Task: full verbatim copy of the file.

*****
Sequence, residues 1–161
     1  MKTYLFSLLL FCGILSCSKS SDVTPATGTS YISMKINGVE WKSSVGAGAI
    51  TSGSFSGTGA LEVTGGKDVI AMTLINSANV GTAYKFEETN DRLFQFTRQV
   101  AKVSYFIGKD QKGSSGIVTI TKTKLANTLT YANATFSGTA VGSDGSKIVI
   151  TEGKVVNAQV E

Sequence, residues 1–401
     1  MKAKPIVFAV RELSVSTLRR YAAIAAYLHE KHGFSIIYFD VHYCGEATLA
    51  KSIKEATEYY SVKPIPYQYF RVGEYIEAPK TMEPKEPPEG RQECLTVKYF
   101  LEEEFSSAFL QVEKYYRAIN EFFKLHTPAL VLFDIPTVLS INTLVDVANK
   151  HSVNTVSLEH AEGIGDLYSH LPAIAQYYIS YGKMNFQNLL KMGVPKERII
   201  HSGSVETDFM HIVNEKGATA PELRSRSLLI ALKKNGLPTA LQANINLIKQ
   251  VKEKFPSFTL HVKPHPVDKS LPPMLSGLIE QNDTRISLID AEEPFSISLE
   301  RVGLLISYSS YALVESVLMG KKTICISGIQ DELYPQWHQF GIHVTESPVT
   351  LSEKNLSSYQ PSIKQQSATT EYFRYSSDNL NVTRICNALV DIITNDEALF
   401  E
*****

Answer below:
Sequence, residues 1–161
     1  MKTYLFSLLL FCGILSCSKS SDVTPATGTS YISMKINGVE WKSSVGAGAI
    51  TSGSFSGTGA LEVTGGKDVI AMTLINSANV GTAYKFEETN DRLFQFTRQV
   101  AKVSYFIGKD QKGSSGIVTI TKTKLANTLT YANATFSGTA VGSDGSKIVI
   151  TEGKVVNAQV E

Sequence, residues 1–401
     1  MKAKPIVFAV RELSVSTLRR YAAIAAYLHE KHGFSIIYFD VHYCGEATLA
    51  KSIKEATEYY SVKPIPYQYF RVGEYIEAPK TMEPKEPPEG RQECLTVKYF
   101  LEEEFSSAFL QVEKYYRAIN EFFKLHTPAL VLFDIPTVLS INTLVDVANK
   151  HSVNTVSLEH AEGIGDLYSH LPAIAQYYIS YGKMNFQNLL KMGVPKERII
   201  HSGSVETDFM HIVNEKGATA PELRSRSLLI ALKKNGLPTA LQANINLIKQ
   251  VKEKFPSFTL HVKPHPVDKS LPPMLSGLIE QNDTRISLID AEEPFSISLE
   301  RVGLLISYSS YALVESVLMG KKTICISGIQ DELYPQWHQF GIHVTESPVT
   351  LSEKNLSSYQ PSIKQQSATT EYFRYSSDNL NVTRICNALV DIITNDEALF
   401  E